Title:
N-UP SHEETLET BASED IMAGING WITH FLEXIBLE FORMATTING OF LOGICAL PAGES
Kind Code:
A1


Abstract:
Methods and systems herein provide for flexible formatting of print jobs and their associated logical pages. One N-up printing system is adapted to receive a print job from a host system for printing to a tangible medium. The print job includes at least a first logical page. The printing system includes an N-up formatter interface adapted to receive formatting parameters. The printing system also includes an N-up formatter that is communicatively coupled to the N-up formatter interface. The N-up formatter is adapted to generate a first page inclusion object based on the formatting parameters. The N-up formatter is further adapted to input the first logical page to the first page inclusion object and position the first logical page within the first page inclusion object.



Inventors:
Wardell, Glenn (Fort Collins, CO, US)
Stone, David E. (Longmont, CO, US)
Hohensee, Reinhard H. (Boulder, CO, US)
Treppendahl, Jamsie (Boulder, CO, US)
Application Number:
12/134468
Publication Date:
12/10/2009
Filing Date:
06/06/2008
Primary Class:
International Classes:
G06F3/12
View Patent Images:



Primary Examiner:
ROGERS, SCOTT A
Attorney, Agent or Firm:
DUFT & BORNSEN, PC (LAFAYETTE, CO, US)
Claims:
We claim:

1. An N-up printing system adapted to receive a print job from a host system for printing to a tangible medium, wherein the print job comprises a first logical page, the printing system comprising: an N-up formatter interface adapted to receive formatting parameters; and an N-up formatter communicatively coupled to the N-up formatter interface and adapted to generate a first page inclusion object based on the formatting parameters, wherein the N-up formatter is further adapted to input the first logical page to the first page inclusion object and position the first logical page within the first page inclusion object.

2. The N-up printing system of claim 1, wherein the print job comprises a second logical page and the N-up formatter is further adapted to generate a second page inclusion object based on the received formatting parameters, wherein the second page inclusion object is adapted to digitally include one or more logical pages, and wherein the N-up formatter is further adapted to position the second logical page within the second page inclusion object and position the second page inclusion object to print on a second sheet side of the tangible medium.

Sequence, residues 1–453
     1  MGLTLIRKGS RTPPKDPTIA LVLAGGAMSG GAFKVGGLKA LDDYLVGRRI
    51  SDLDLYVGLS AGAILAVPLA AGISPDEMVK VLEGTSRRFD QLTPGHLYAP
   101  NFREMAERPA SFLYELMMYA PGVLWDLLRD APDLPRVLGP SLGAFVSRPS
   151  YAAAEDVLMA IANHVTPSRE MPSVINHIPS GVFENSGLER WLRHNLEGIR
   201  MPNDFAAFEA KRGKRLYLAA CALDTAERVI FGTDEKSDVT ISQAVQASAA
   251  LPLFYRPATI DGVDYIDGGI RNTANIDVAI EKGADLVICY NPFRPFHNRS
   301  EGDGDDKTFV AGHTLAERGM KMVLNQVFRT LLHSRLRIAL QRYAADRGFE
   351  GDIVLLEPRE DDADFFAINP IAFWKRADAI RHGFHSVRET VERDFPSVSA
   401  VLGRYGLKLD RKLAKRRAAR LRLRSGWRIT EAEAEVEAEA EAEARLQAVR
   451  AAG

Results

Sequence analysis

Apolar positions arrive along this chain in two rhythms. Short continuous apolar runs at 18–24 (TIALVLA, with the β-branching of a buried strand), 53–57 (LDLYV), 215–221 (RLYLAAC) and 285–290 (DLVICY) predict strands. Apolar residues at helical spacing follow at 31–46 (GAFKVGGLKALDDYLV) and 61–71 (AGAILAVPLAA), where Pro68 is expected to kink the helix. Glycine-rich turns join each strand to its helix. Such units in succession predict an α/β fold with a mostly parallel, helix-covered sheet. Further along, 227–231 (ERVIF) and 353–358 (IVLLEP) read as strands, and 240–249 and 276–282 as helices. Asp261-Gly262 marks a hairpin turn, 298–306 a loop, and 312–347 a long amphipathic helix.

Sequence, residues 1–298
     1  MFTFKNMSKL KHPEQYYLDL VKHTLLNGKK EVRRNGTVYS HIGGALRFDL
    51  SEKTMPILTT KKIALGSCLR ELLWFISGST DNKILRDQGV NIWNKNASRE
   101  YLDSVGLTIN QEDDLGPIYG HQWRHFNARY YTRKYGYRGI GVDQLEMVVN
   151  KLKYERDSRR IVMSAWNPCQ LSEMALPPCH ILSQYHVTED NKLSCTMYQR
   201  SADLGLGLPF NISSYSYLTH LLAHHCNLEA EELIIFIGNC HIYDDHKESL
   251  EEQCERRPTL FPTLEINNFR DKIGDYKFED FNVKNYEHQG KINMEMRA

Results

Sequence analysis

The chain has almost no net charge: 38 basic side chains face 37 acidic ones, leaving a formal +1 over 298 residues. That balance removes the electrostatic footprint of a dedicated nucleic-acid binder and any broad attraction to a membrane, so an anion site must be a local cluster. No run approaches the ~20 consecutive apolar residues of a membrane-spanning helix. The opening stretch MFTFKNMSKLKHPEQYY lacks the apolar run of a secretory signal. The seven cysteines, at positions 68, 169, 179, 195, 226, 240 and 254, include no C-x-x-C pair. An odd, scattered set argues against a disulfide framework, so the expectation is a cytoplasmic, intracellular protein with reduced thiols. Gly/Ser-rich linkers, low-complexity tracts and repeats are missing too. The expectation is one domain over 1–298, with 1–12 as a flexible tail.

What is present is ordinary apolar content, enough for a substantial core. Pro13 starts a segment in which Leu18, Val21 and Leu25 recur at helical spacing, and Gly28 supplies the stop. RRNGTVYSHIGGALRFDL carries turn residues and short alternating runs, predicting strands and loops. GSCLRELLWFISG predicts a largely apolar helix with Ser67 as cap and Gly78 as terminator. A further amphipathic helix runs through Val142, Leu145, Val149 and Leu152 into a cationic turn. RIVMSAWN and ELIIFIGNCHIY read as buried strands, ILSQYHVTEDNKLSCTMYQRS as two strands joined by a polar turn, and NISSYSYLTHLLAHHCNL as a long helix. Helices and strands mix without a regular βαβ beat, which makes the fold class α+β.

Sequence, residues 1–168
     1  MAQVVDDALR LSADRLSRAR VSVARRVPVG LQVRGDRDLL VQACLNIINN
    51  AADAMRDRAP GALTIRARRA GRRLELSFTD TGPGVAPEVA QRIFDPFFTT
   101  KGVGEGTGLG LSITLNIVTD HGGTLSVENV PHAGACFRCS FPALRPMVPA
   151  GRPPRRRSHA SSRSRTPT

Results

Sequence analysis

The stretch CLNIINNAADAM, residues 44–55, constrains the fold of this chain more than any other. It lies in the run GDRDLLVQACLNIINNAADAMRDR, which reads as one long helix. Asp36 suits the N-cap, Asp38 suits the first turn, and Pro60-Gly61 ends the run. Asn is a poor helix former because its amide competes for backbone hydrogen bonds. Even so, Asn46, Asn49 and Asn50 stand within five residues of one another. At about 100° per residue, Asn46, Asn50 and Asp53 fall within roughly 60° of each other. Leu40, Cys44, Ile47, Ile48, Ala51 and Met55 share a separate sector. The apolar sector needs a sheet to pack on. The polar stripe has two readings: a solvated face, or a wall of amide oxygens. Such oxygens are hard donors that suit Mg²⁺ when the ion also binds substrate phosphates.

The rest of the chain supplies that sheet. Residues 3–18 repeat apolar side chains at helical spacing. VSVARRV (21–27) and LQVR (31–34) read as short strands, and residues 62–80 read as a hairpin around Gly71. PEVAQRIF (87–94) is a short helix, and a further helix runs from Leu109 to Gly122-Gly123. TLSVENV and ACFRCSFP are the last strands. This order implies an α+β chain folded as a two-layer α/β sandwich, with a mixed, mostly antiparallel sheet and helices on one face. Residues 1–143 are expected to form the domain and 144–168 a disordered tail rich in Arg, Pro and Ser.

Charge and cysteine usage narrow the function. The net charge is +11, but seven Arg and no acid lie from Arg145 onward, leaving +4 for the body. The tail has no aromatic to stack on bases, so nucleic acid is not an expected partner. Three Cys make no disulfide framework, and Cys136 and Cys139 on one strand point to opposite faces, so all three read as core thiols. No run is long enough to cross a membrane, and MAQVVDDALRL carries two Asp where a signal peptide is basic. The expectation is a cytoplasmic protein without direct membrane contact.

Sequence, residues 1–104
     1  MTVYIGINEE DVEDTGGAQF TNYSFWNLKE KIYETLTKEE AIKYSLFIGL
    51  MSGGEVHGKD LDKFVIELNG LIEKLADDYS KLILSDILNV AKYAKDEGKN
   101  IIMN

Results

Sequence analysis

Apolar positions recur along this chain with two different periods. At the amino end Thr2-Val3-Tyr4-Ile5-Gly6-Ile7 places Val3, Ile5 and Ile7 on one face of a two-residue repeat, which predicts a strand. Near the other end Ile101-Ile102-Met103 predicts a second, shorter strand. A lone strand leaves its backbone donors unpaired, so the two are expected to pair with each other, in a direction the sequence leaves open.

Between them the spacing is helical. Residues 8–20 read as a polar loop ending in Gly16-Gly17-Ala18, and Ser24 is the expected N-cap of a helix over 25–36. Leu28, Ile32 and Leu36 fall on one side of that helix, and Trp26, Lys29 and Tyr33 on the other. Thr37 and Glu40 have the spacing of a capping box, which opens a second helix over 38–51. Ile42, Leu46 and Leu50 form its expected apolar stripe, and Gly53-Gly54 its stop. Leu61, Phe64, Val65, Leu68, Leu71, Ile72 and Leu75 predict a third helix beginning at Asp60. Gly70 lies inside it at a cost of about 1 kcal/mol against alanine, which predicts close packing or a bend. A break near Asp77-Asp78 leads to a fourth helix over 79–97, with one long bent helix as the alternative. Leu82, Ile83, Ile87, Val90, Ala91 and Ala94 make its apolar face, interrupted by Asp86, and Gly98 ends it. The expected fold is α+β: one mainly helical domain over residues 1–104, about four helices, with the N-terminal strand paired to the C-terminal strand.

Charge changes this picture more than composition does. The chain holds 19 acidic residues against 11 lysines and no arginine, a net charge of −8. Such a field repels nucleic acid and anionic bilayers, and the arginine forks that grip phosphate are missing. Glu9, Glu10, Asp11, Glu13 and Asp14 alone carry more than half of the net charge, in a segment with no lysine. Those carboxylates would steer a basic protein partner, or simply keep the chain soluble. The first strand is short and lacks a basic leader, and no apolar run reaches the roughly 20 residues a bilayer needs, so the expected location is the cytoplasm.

3. The N-up printing system of claim 2, wherein the N-up formatter is further adapted to associate the first page inclusion object with the second page inclusion object to respectively print on the first and second sheet sides of the tangible medium at corresponding locations.

4. The N-up printing system of claim 2, wherein the N-up formatter is further adapted to associate the first logical page with the second logical page to respectively print on the first and second sheet sides of the tangible medium at corresponding locations.

5. The N-up printing system of claim 1, wherein the print job comprises a second logical page and wherein the N-up formatter is further adapted to position the second logical page within the first page inclusion object.

6. The N-up printing system of claim 5, wherein the N-up formatter is further adapted to position the second logical page within the first page inclusion object by overlapping the second logical page on the first logical page within the first page inclusion object.

7. The N-up printing system of claim 1, wherein the print job comprises a second logical page and wherein the N-up formatter is further adapted to generate a second page inclusion object, wherein the second page inclusion object is adapted to include one or more logical pages, and wherein the N-up formatter is further adapted to position the second logical page within the second page inclusion object and position the second page inclusion object for printing to the first sheet side of tangible medium.

8. The N-up printing system of claim 7, wherein the N-up formatter is further adapted to overlap the second page inclusion object on the first page inclusion object.

9. The N-up printing system of claim 1, wherein the N-up formatter is further adapted to position the first logical page within the first page inclusion object by rotating the first logical page at an incremental angle of 90°.

10. The N-up printing system of claim 1, wherein the N-up formatter is further adapted to position the first page inclusion object for printing to a first sheet side of the tangible medium by rotating the first page inclusion object at an incremental angle of 90°.

11. The N-up printing system of claim 1, wherein the print job comprises a second logical page and wherein the N-up formatter is further adapted to generate a second page inclusion object, position the second logical page within the second page inclusion object, position the second page inclusion object to print on the second sheet side of tangible medium, and automatically compensate for creep in subsequent sheets of the tangible medium by automatically repositioning the first and second page inclusion objects of subsequent sheets of the tangible medium, wherein the second page inclusion object is adapted to digitally include one or more logical pages.